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Division of Computing and Communication Foundations


CCF: Foundations of Emerging Technologies  (FET)


CONTACTS
Name Email Phone Room
Mitra  Basu mbasu@nsf.gov (703) 292-8649   
Sankar  Basu sabasu@nsf.gov (703) 292-7843   
Almadena  Y. Chtchelkanova achtchel@nsf.gov (703) 292-8910   
Pinaki  Mazumder pmazumde@nsf.gov (703) 292-7375   


SYNOPSIS

The Foundations of Emerging Technologies (FET) program supports overarching fundamental research in disruptive technologies and models in computing and communication. Current exemplars include but are not limited to biological computation, nanoscale science and engineering, quantum information science and engineering, neuromorphic computing, and other disruptive technologies and computing models.

The goal of the FET program is to germinate and foster radical innovations in computing and communication modalities, in topics spanning the various fields of research traditionally funded by the core CCF programs, which may include the theory, algorithms, software, hardware, and architecture of computing and communication systems, as applied to these innovations. Interdisciplinary collaboration between computer and information scientists as well as those in various other fields such as biology, chemistry, engineering, mathematics, and physics are highly encouraged to promote groundbreaking inventions and paradigm-shifting solutions for hardware and software platforms in computing and communication.

The FET program seeks transformative research projects in any disruptive area aligned with the goals of the program as identified above. The following research areas are called out specifically at this time.

The Biological Systems Science and Engineering program element explores opportunities at the intersection of biology and computer science, with a specific focus on activities that advance understanding of computing and communication processes in biological systems to recreate or use them as models for, or demonstrations of, innovative computing and communication systems. Topics of interest include but are not limited to: understanding the complexity of biological systems via algorithmic, mathematical, and/or stochastic modeling techniques for simulation and analysis of biological systems and biochemical networks at multiple scales; and harnessing the computing power of biomolecules in designing systems that complement and extend the capability of silicon-based computing systems. Research in the Synthetic Biology area, with a focus on constructing/redesigning novel hybrid programmable biological systems capable of computing and information processing, is also in scope for the program. Some examples for research topics include but are not limited to issues in resource allocation in a designed synthetic cell/system, design tools for engineering biological systems, and advanced biomolecule-based data-storage devices.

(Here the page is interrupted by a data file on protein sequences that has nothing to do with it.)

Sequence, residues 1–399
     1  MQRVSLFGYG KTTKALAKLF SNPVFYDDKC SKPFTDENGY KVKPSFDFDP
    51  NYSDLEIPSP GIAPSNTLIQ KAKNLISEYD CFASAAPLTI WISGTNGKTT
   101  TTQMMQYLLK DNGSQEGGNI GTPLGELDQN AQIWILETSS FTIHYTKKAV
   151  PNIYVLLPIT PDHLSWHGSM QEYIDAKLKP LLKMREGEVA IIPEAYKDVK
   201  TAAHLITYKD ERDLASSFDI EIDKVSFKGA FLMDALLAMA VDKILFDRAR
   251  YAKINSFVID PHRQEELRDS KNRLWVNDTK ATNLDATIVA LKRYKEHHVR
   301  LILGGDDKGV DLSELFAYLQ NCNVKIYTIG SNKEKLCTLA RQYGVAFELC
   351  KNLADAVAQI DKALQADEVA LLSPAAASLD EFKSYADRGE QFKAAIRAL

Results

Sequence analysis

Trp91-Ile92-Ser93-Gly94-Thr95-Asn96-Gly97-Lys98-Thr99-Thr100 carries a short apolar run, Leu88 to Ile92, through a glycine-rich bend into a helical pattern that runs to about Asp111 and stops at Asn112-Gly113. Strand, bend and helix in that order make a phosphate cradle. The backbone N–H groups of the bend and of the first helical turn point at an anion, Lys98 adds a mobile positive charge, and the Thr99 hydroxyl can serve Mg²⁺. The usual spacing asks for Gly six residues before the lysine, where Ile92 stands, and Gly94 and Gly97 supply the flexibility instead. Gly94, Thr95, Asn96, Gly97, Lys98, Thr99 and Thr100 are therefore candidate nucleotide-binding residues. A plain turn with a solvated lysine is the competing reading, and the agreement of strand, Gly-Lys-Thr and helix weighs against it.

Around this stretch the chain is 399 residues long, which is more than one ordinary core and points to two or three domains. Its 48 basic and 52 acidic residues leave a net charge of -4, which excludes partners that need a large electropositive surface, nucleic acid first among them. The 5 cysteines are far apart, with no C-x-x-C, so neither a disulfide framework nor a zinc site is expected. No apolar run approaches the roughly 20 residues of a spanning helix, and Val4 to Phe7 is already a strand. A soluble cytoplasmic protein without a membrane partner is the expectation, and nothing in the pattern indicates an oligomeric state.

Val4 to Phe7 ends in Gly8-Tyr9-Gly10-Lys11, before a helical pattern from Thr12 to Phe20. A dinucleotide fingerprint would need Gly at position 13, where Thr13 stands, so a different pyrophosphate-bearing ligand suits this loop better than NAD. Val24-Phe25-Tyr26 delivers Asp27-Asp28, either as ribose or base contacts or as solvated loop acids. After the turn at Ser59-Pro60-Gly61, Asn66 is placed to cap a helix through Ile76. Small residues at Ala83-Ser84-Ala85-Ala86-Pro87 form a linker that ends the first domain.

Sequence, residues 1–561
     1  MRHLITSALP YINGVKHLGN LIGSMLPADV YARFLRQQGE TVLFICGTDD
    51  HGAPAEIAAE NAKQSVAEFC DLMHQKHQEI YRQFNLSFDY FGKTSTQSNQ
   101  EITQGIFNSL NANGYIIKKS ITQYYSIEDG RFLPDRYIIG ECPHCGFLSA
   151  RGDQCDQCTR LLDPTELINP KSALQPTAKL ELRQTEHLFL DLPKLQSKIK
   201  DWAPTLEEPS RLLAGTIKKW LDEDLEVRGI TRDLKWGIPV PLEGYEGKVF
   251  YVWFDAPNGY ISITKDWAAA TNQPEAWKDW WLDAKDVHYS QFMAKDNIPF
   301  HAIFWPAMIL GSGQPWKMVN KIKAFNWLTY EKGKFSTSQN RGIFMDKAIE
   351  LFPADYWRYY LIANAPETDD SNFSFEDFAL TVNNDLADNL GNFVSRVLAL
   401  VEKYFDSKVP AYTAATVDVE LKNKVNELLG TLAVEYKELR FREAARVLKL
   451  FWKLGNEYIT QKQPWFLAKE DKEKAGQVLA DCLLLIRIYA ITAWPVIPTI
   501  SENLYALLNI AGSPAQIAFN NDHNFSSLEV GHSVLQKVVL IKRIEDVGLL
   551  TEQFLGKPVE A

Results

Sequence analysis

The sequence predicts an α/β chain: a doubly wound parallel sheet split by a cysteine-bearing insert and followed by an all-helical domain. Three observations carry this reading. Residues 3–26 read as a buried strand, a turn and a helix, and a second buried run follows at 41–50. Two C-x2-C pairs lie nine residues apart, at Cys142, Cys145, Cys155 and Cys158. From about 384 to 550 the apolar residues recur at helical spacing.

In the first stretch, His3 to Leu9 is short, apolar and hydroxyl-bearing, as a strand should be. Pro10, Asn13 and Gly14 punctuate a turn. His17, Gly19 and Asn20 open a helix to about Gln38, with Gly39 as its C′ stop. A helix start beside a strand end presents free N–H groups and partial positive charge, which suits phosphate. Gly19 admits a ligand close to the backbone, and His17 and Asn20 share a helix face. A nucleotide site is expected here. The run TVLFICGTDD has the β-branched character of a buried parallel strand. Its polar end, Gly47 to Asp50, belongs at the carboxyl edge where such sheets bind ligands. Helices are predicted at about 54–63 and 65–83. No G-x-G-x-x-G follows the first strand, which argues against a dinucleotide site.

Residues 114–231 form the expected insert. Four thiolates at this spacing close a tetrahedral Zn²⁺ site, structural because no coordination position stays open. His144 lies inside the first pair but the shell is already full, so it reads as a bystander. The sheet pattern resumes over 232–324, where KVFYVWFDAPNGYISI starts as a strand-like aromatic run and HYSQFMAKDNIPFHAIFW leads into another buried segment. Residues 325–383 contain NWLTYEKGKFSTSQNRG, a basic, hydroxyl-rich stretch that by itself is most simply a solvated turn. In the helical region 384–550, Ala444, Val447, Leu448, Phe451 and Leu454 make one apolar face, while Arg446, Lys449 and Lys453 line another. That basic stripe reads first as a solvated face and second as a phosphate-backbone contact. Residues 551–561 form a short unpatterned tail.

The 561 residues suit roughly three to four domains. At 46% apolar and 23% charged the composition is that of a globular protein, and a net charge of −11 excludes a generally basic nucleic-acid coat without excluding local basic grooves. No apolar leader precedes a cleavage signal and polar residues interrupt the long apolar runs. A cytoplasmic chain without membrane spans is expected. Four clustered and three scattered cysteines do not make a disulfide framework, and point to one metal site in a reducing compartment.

The Quantum Information Science program element explores new research ideas in quantum computing, quantum communication, and other quantum-based approaches for processing, exchanging, and using information. Topics of interest include but are not limited to the design, development, and rigorous analysis of a broad and general collection of quantum; study of quantum programming languages, quantum architectures, and quantum circuits; simulation of quantum algorithms and systems; design of quantum computers and systems; benchmarking, programming, optimizing, and testing quantum computer systems experimentally; development of both theoretical and practical approaches to fault tolerance; demonstration of scalable quantum computations, thereby paving the road to quantum supremacy; and explorations into quantum information in communication and networking.

Additionally, the FET program promotes research that demonstrates how computational and engineering principles can be synergistically advanced to mimic brain-like problem solving with novel neural and cognitive architectures. In particular, the program encourages research on neuromorphic computing with hardware-friendly learning mechanisms such as spike-timing dependent plasticity (STDP), reinforcement and Q-learning. Proposals on brain-computer interfaces will be considered by the FET program if they aim at solving problems in fundamentally new ways.

The FET program also solicits research on emerging topics of quantum-like, but non-qubit-based, computing paradigms. Such methodologies may typically address hard computational problems in integer factorization, hardware methods to solving NP-hard problems, machine learning, and so on. Examples of such efforts may include but are not limited to computing using probabilistic bits and single-flux quantum logic circuits.

The FET program promotes innovative research on multiscale modeling of computing and communications systems based on future emerging technologies as well.


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